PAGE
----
1. Fibonacci's grid

It is very difficult when I apply Fibonacci Ratio to create composition. Issues are estimating and approximating (in defining 1:1.618 ratio).
How about you? welcome any opinion from you.

2. Re: Fibonacci's grid

I tend to just think about the rule of thirds (ROT) when I shoot, because I can never see that the 'Golden Ratio' is all that much different - apart from placing the 'sweet spot' slightly closer to the centre than the rule of thirds. One of my cameras (Panasonic G1) has an overlay for ROT in the electronic viewfinder to aid composition. Perhaps there should be one for the Fibonacci grid.

This explains it quite well.

3. Re: Fibonacci's grid

The problem is "sweet spot". You will place slightly closer or it must be placed rightly on your subject. more and more close is very difficult.

4. Re: Fibonacci's grid

I don't think Fibonacci added zero; I don't think zero existed. But if you choose a point between half and a third then you won't be too far off especially if it is closer to a third.

Thankyou for reminding me about it.

5. Re: Fibonacci's grid

I have heard about this before but I thought it was novel by Dan Brown. It seems as complex. I must admit I ran myself around a circular argument as I was defrosting one of the freezers My first thought was that if it is a mathematical ratio that is applied to explain why some images appear more pleasing than others then applying it as a 'rule' seems ludicrous. It must be the case that if the human brain is stimulated when viewing certain compositions then surely it is capable of applying the subconscious principle when creating an image without mathematical prompts. Then I thought about art in general and that not all viewers are equal. Some can enjoy without the need to be told what makes it enjoyable. Others need to be told why it is pleasing and to have that pleasure defined by scientific principle or their heads implode. Abstraction of thought is difficult to attain and some will never need a thirds grid or log tables and a sextant to obtain the 'perfect' composition. Others will need to prove to themselves and others that their works are scientifically underpinned as correct...regardless of the impact of the end result.

Just as my hands lost all feeling I reached a conclusion. It does not matter If you need a grid (and I would be surprised if Rob ever uses his) fine. BUT it would be advisable to use these aids as guides rather than absolute truth. At the end of it all it boils down to instinct. You will see that as photographers on here become more experienced they no longer post threads that ask 'which is best' or 'Your Opinion Sought' They already know their image is good and they do not need Mr Fibonacci to tell them that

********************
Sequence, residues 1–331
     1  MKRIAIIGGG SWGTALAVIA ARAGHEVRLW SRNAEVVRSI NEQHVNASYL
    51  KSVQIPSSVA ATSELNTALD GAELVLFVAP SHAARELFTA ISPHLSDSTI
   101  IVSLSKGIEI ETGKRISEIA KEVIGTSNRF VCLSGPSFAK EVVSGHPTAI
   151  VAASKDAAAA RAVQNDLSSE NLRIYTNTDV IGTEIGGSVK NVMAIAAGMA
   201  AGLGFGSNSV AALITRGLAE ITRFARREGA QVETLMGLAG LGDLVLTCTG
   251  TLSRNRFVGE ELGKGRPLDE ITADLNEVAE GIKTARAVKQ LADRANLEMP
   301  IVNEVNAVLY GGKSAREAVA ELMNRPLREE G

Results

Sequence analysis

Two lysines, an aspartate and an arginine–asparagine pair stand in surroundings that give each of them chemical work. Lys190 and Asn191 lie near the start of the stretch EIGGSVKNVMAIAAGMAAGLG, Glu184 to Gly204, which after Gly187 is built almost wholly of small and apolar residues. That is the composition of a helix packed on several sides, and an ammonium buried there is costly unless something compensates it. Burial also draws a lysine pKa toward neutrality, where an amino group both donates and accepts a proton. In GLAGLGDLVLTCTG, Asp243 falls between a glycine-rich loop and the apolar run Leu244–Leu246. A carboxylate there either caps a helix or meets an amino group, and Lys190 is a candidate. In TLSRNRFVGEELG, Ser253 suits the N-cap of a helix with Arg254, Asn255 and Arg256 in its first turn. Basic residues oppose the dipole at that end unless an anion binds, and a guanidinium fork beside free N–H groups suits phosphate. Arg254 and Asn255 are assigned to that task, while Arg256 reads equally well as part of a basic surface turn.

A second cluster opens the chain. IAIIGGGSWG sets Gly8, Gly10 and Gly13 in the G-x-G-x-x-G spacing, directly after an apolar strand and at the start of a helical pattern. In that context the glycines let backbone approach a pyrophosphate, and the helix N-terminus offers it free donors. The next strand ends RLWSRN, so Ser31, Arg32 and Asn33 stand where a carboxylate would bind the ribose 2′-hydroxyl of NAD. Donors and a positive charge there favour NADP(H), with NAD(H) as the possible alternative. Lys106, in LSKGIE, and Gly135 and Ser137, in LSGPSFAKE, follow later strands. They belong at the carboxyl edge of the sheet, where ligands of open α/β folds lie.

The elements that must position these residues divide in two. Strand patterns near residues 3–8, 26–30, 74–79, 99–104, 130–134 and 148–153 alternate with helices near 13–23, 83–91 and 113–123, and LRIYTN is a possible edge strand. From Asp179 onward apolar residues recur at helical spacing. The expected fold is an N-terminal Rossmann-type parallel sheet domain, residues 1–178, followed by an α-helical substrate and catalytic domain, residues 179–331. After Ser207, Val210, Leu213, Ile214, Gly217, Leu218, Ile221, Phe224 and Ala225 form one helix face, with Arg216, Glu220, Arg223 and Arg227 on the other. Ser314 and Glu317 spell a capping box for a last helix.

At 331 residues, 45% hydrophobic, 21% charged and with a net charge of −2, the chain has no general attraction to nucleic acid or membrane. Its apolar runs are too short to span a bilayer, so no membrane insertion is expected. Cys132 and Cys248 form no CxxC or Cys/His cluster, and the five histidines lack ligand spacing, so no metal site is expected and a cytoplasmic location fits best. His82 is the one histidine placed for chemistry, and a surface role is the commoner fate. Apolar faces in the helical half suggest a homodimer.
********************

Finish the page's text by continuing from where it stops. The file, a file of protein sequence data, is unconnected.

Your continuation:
6. Re: Fibonacci's grid

I have been a photographer for over 50-years, much of that time as a professional. I have only heard of Fibonacci lately, except that I think he might have been the owner of an Italian restaurant around the corner from my home when I was a kid. Is that the same Fibonacci? If so, he made some very good lasagna, that should qualify him to write a LAW!(LOL)

Actually, I don't like LAWS in photography. The rule of thirds is a good guideline but, when we have to use mathematics such as Fibonacci's Law to compose our images, I no longer want to shoot pictures. I wouldn't want to get arrested by the Fibonacci Police!

And, the Golden Ratio... I have been violating that Code of Photographic Conduct all my life, especially lately! I just tried and tried to squeeze my last panorama into the Golden Ratio and finally gave up. I feel utmost shame and hang my head in sorrow for my compositional sins...

7. Re: Fibonacci's grid

I have to like rpcrowe's response...I know when I am looking through the viewfinder these rules are jiggling to and fro in the old grey matter, but like Mr. Crowe, I tend to ignore the formality of said rules and instead, rely on an experienced eye to guide my composition. I responded to someone recently as to whether or not centering an object was necessarily all that bad. I did one today and I am still somewhat out to lunch as to its success, though the more I look at it, the more I tend to think centering can have it's own sense of place. What do you think?

A very large Osprey perched atop the mast.

8. Re: Fibonacci's grid

have only heard of Fibonacci in relation to economics/finance - The Fibonacci Pull Back Theory. I generally use the ROT but move the subject closer to the entre or further away depending upon how much I want their inclusion or exclusion from the image.

9. Re: Fibonacci's grid

Michael Freeman in his book on photographic composition (The Photographer's Eye) discusses the Golden Section and Fibonacci series, which he summarizes as follows, "This is all very well for a painter or illustrator, but how can photography make sensible use of it? Certainly, no one is going to use a calculator to plan the division of a photograph. Intuitive composition is the only practical approach for the majority of photographs. The most useful approach to dividing a frame into areas is to prime your eye by becoming familiar with the nuances of harmony in different proportions. If you know them well, intuitive composition will naturally become more finely tuned. As photographers, we may be able to ignore the geometry, but we cannot ignore the fact that these proportions are fundamentally satisfying."